Senate investigators have been locked in a quiet showdown with the Trump administration over records that they believe could help expose possible hidden dealings between Trump campaign insiders and wealthy Russian or Eastern European business partners.
The stand-off over records from the Treasury Department’s financial intelligence section led Democratic Sen. Ron Wyden to hold up the nomination of President Trump’s pick for Under Secretary of the Treasury for Terrorism and Financial Intelligence, New York attorney Sigal Mandelker, until investigators have access to the federal banking records detailing suspicious financial transactions around the globe. A vote on her nomination is on the calendar for this week, suggesting the two sides are close to a deal.
“We’re in talks right now,” Wyden told ABC News on Monday. “I’m hopeful we’ll be able to get what we need.”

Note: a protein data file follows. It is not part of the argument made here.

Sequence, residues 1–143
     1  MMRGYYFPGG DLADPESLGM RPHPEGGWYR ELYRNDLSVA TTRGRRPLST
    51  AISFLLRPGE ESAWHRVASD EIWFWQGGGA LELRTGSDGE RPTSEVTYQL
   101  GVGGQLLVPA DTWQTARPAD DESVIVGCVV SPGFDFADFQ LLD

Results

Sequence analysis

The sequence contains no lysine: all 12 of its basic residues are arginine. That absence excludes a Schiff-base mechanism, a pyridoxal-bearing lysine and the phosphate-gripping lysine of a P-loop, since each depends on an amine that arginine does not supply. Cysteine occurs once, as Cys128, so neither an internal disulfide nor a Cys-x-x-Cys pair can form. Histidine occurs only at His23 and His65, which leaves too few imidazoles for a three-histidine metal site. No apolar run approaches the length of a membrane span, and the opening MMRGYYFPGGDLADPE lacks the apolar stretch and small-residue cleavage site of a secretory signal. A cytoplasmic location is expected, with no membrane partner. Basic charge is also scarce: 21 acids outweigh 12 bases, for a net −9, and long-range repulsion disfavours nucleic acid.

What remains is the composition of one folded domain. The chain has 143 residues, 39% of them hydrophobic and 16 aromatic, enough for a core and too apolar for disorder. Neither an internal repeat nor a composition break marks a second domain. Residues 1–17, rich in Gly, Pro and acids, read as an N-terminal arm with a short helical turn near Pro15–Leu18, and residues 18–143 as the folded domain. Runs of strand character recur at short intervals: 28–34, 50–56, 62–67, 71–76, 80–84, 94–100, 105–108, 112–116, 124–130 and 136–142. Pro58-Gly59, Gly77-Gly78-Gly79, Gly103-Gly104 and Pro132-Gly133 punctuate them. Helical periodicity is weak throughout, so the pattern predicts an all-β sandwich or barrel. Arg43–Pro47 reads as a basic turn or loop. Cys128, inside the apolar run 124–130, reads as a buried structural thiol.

Senate investigators have been in talks with the Financial Crimes Enforcement Network, or FinCEN, since May over access to the banking records.
“I have stated repeatedly that we have to follow the money if we are going to get to the bottom of how Russia has attacked our democracy,” he said in May. “That means thoroughly review any information that relates to financial connections between Russia and President Trump and his associates, whether direct or laundered through hidden or illicit transactions. The office which Ms. Mandelker has been nominated to head is responsible for much of this information.”
A spokesman for FinCen declined to comment, citing a policy “to never confirm or deny, or comment on any investigations.”
FinCEN, the Treasury agency responsible for tracking the illegal movement of money, maintains a database of millions of transactions that have been flagged by banks as unusual or problematic, known as Suspicious Activity Reports, or SARs. Law enforcement agencies around the country have access to the information, but so far congressional…